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Popcorn & Prejudice: A Movie Blog

Seattle Times writer Moira Macdonald muses on moviegoing. Email Moira: mmacdonald@seattletimes.com.

September 11, 2010 at 2:16 PM

At TIFF: Colin Firth and “The King’s Speech”

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TORONTO — Jon Hamm yesterday. Colin Firth today. A lady could get used to this.
Today began with a lovely chat with Kazuo Ishiguro, author of the novel on which “Never Let Me Go” (and, for that matter, “The Remains of the Day”) is based. Like a miracle, the publicist who brought him to me for the interview (held in a row of hotel rooms at the Hyatt, with the fim’s cast and crew crisscrossing journalists in the hallways; Ishiguro called it “a bedroom farce”) seemed to forget about us, so I got 30 minutes instead of the usual 15 — learning, among other things, that Ishiguro and screenwriter Alex Garland are friends and neighbors, and discussed the idea of a “Never Let Me Go” screenplay long before the novel was even completed; that Mick Jagger was long attached to a movie version of Ishiguro’s “When We Were Orphans” (which I can imagine making a gorgeously atmospheric noir); and that there is currently a musical version of “The Remains of the Day” playing in London which Ishiguro thinks is quite good. This made me want to go to London, immediately, and had me picturing Anthony Hopkins leading a chorus line of singing housemaids, which is not an easy image to get out of your head.
Then off to a public screening of “The King’s Speech”; my first public screening of the festival (as opposed to press/industry screenings, which are by definition insidery and full of mysterious industry types who leave early, particuarly if they are in the middle of a row). I sat in line (yes, there’s a wonderfully accommodating ledge outside the Ryerson Theater), between two festivalgoers who could have gotten into a fight but didn’t, as this is not that kind of line: The woman on my left told me, with some bitterness, that TIFF used to be “a people’s festival,” but now priority for ticket-buying is given to donors, so there’s now a class element, while the woman on my right politely murmured that she was a donor. No harsh words were exchanged and in we marched, and in what’s the best argument so far for attending public screenings, a number of people made the “aaarrrr” pirate sound when the obligatory pre-screening anti-piracy message popped up on screen. This is lots of fun and deserves to travel; I hope SIFF audiences are paying attention.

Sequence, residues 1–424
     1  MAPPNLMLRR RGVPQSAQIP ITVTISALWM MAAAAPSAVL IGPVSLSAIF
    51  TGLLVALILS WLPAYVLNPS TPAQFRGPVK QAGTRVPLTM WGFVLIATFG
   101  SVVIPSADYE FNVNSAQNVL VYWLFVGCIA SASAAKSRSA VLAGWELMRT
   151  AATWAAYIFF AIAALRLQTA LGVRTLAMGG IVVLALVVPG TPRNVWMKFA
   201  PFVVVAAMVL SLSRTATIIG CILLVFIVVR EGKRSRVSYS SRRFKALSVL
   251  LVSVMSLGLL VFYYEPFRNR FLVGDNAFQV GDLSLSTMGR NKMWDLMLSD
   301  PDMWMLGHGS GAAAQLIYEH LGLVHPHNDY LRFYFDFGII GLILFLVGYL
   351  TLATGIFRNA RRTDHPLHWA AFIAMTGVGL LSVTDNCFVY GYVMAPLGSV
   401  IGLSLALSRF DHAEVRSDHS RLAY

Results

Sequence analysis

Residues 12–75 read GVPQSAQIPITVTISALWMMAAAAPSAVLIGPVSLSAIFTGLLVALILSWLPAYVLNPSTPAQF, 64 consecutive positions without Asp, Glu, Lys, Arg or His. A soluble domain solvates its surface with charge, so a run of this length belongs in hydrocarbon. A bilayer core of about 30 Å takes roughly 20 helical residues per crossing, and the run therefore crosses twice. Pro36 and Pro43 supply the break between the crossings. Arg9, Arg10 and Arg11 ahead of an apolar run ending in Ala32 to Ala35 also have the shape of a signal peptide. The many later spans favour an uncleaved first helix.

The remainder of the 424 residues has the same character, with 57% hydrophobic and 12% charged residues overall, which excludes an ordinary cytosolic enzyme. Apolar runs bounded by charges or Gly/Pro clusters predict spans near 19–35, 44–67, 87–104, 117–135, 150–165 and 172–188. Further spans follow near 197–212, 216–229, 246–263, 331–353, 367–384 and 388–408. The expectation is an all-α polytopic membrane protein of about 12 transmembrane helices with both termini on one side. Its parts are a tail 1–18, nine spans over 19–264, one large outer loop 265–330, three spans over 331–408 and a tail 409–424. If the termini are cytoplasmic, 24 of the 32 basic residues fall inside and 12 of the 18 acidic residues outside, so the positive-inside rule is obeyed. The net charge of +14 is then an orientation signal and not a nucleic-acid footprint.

“The King’s Speech,” arriving here fresh from raves in Telluride, is a wonderful film and I think my favorite here so far: it’s funny, touching, beautifully performed and unexpectedly and appeallingly small-scaled. Colin Firth plays “Bertie,” a.k.a. England’s Duke of York, who became King George VI when his brother abdicated the throne for the woman he famously loved. Though the accession plays a part in the film, it’s more about a friendship between two men: Bertie, a quiet family man with no interest in becoming king, and Lionel Logue (Geoffrey Rush), a speech therapist hired by Bertie’s wife Elizabeth (a.k.a. the Queen Mum, played sweetly by Helena Bonham Carter) to help the unexpected monarch deal with a serious stammer.
Director Tom Hooper (“The Damned United”), speaking to the audience before the screening, said that screenwriter David Seidler (who himself suffered from a childhood speech impediment, and was inspired by the king’s example) approached the Queen Mother many years ago asking permission to write the story. She said yes, but please, not in her lifetime. He agreed, said Hooper, “little realizing that she was going to live to be 186.” (She died in 2002, aged 101.) All I can say is that it’s definitely worth the wait. It’ll arrive in Seattle around Thanksgiving. (Trivia note: “Pride & Prejudice” fans should note the reunion here of Elizabeth and Darcy — Jennifer Ehle, who played Elizabeth in the famed BBC version of Jane Austen’s novel, here plays Logue’s wife.)
A brief but very pleasant one-on-one interview with Firth followed, with the actor drinking a Diet Coke (there’s a man after my own heart) and thoughtfully answering my questions. (He’s not sick of talking about this film yet — Hooper explained that it was just finished “Tuesday of last week.”) Firth described the filmmaking team’s excitement upon finding Logue’s diaries of his work with Bertie, just weeks before filming began (supplied by a descendent of Logue’s) — “like finding the Dead Sea Scrolls” — and told me that one of the film’s most charming scenes, in which Bertie tells a bedtime story to his young daughters, was his own contribution, based on stories he would tell his own children. Charming man, but I’m sure I didn’t have to tell you that.
Off in a bit to see Hilary Swank in “Conviction”; no interviews tomorrow, so hoping to catch four movies in a row: “The Conspirator,” “Love Crimes,” “127 Hours” and “Hereafter.” So I’ll leave you until later, with the words I’ve been enjoying reading on all the subway doors here in Toronto: Be Considerate and Safe. Good advice, on and off public transport.
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(Photos: Colin Firth, top, at Toronto International Film Festival, by Toby Canham. Bottom: “The King’s Speech,” courtesy of The Weinstein Company.)

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